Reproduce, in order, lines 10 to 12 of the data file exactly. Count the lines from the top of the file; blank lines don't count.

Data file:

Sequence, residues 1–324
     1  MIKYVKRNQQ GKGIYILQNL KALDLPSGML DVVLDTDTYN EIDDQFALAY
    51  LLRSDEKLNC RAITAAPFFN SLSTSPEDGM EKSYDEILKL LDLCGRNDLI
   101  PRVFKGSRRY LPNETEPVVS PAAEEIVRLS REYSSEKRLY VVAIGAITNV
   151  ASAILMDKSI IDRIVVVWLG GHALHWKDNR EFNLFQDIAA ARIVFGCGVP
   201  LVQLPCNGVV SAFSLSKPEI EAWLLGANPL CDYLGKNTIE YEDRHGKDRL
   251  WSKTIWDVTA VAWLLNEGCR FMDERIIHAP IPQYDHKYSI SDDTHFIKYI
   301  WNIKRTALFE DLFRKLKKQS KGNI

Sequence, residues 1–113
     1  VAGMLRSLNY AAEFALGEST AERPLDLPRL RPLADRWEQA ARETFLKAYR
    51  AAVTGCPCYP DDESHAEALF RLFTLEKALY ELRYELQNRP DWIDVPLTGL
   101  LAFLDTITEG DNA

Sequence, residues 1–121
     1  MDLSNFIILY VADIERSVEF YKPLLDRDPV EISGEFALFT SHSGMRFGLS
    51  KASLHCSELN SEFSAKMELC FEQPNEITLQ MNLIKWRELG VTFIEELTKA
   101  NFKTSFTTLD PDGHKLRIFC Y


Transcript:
     1  VAGMLRSLNY AAEFALGEST AERPLDLPRL RPLADRWEQA ARETFLKAYR
    51  AAVTGCPCYP DDESHAEALF RLFTLEKALY ELRYELQNRP DWIDVPLTGL
   101  LAFLDTITEG DNA